Conventional wisdom said the first federal Vioxx trial was Merck & Co.’s to lose.
The Florida man whose 2001 death of a heart attack lay at the center of the case took the once-popular painkiller for just a month. Richard “Dicky” Irvin got the prescription from his son-in-law without a medical checkup. His arteries were more than 50 percent clogged in some places.
Merck insisted that no science showed that Vioxx could heighten the risk of heart attacks or strokes unless taken for 18 months or more. A long-term study showing that 18 months of constant use could increase the chances of a heart attack prompted the company to withdraw the painkiller from the market in September last year.
But jurors couldn’t reach a unanimous verdict as required in federal court after more than 18 hours of deliberations, prompting U.S. District Judge Eldon Fallon to declare a mistrial Monday.
Two jurors who voted in favor of Merck told The Associated Press that only one of the nine jurors refused to absolve the company of liability.
One of those jurors, Amanda Toungate, said she didn’t believe that the drug caused Irvin’s death but added that Merck should have done a better job telling patients about Vioxx’s risks.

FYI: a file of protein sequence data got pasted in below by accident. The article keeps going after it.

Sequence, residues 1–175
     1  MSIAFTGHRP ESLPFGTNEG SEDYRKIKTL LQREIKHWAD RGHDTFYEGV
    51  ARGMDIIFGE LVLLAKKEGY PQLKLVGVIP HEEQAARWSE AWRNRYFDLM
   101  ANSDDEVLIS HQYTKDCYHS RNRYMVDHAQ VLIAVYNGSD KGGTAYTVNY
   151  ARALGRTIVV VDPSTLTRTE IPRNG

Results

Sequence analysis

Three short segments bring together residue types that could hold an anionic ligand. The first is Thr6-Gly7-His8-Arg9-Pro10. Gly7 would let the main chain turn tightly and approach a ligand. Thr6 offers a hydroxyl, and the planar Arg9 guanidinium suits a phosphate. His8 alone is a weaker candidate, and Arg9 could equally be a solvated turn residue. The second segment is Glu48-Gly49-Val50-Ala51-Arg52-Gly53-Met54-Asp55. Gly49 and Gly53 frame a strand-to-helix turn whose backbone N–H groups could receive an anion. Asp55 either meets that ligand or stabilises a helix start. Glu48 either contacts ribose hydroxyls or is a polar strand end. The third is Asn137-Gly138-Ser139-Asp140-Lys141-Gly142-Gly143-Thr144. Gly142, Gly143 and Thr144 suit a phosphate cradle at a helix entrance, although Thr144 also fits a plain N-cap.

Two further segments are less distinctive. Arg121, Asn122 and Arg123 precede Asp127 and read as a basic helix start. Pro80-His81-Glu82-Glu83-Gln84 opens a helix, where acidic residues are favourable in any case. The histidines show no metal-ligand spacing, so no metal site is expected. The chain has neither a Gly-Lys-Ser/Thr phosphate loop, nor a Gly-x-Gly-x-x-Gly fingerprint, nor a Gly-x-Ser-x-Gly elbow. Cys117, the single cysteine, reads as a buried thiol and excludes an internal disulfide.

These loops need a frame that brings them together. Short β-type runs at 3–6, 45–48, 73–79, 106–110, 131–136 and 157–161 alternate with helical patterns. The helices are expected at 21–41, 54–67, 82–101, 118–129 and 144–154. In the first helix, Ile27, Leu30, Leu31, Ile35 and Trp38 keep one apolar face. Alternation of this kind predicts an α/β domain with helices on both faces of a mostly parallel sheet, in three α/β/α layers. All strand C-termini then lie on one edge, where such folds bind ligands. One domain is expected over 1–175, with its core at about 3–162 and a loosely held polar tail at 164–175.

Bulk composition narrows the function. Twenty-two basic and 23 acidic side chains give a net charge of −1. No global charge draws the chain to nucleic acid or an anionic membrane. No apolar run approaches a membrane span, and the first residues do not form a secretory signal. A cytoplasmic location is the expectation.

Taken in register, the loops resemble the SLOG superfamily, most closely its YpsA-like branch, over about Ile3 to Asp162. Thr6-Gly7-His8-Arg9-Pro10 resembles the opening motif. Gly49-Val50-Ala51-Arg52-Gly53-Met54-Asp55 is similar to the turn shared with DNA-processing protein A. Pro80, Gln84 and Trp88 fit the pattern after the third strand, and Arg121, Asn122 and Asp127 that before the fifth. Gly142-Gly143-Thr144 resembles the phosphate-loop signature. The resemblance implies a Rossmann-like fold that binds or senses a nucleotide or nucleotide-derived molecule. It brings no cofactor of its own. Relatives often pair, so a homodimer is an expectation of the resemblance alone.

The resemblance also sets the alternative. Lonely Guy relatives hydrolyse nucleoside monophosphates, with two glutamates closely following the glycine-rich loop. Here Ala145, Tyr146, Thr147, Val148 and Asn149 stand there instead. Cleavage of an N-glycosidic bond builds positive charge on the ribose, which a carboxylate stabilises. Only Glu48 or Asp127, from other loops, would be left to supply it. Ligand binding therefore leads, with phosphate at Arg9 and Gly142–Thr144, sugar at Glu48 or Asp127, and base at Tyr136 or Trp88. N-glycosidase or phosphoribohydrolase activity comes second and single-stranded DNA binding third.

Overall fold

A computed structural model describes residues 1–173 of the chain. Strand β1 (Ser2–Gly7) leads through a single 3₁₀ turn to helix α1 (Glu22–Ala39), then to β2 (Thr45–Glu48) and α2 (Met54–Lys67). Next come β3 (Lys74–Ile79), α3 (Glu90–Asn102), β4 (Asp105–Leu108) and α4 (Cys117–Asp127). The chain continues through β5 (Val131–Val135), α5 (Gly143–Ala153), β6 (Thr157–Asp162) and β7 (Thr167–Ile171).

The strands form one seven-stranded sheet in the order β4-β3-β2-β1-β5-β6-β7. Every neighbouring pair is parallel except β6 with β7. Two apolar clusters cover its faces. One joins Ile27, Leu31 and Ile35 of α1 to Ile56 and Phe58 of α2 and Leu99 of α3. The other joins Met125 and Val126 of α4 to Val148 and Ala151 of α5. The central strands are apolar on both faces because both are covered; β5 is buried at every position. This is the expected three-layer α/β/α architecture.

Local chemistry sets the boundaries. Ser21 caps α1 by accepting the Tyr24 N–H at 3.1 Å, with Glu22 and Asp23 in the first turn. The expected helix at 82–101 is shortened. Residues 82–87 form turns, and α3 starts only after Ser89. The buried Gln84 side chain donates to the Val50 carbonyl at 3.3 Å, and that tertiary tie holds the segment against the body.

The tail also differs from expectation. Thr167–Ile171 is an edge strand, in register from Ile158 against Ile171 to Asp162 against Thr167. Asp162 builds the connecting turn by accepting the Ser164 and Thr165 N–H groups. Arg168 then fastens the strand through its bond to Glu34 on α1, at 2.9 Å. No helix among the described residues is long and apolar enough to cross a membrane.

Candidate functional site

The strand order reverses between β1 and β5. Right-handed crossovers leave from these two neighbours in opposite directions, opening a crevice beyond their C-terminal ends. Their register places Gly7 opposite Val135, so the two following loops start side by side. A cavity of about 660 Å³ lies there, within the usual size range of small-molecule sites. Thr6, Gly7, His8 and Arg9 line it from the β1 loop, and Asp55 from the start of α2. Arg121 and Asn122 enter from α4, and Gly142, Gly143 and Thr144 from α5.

Irvin’s widow, although disappointed, matter-of-factly accepted the outcome and nodded as her attorneys vowed to retry the case.
“I know in my heart my husband had died because of Vioxx, and I had to push forward because of that,” Evelyn Irvin Plunkett said.
The mistrial also leaves Merck facing a new jury that could hear allegations that the company withheld information from the New England Journal of Medicine about a 2000 Vioxx study so the drug would appear safer than it was.
Merck shares (ticker: MRK) closed down 72 cents, or nearly 2.5 percent, at $28.41 as the trial’s outcome shook investors worried about the company’s liability in the face of some 7,000 pending Vioxx cases.